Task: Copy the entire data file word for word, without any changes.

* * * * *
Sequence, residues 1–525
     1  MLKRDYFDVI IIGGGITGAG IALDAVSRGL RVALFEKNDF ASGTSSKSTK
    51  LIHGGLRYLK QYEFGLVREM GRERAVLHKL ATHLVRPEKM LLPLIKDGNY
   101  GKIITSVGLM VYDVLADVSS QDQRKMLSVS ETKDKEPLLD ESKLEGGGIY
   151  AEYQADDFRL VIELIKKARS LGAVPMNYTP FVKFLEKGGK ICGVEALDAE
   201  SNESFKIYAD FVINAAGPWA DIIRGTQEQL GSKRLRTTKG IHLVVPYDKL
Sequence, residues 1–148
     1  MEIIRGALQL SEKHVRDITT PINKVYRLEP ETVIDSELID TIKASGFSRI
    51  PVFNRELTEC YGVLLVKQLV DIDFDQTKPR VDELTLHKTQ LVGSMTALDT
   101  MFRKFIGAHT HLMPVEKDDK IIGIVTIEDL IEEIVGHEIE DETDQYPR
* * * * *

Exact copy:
Sequence, residues 1–525
     1  MLKRDYFDVI IIGGGITGAG IALDAVSRGL RVALFEKNDF ASGTSSKSTK
    51  LIHGGLRYLK QYEFGLVREM GRERAVLHKL ATHLVRPEKM LLPLIKDGNY
   101  GKIITSVGLM VYDVLADVSS QDQRKMLSVS ETKDKEPLLD ESKLEGGGIY
   151  AEYQADDFRL VIELIKKARS LGAVPMNYTP FVKFLEKGGK ICGVEALDAE
   201  SNESFKIYAD FVINAAGPWA DIIRGTQEQL GSKRLRTTKG IHLVVPYDKL
Sequence, residues 1–148
     1  MEIIRGALQL SEKHVRDITT PINKVYRLEP ETVIDSELID TIKASGFSRI
    51  PVFNRELTEC YGVLLVKQLV DIDFDQTKPR VDELTLHKTQ LVGSMTALDT
   101  MFRKFIGAHT HLMPVEKDDK IIGIVTIEDL IEEIVGHEIE DETDQYPR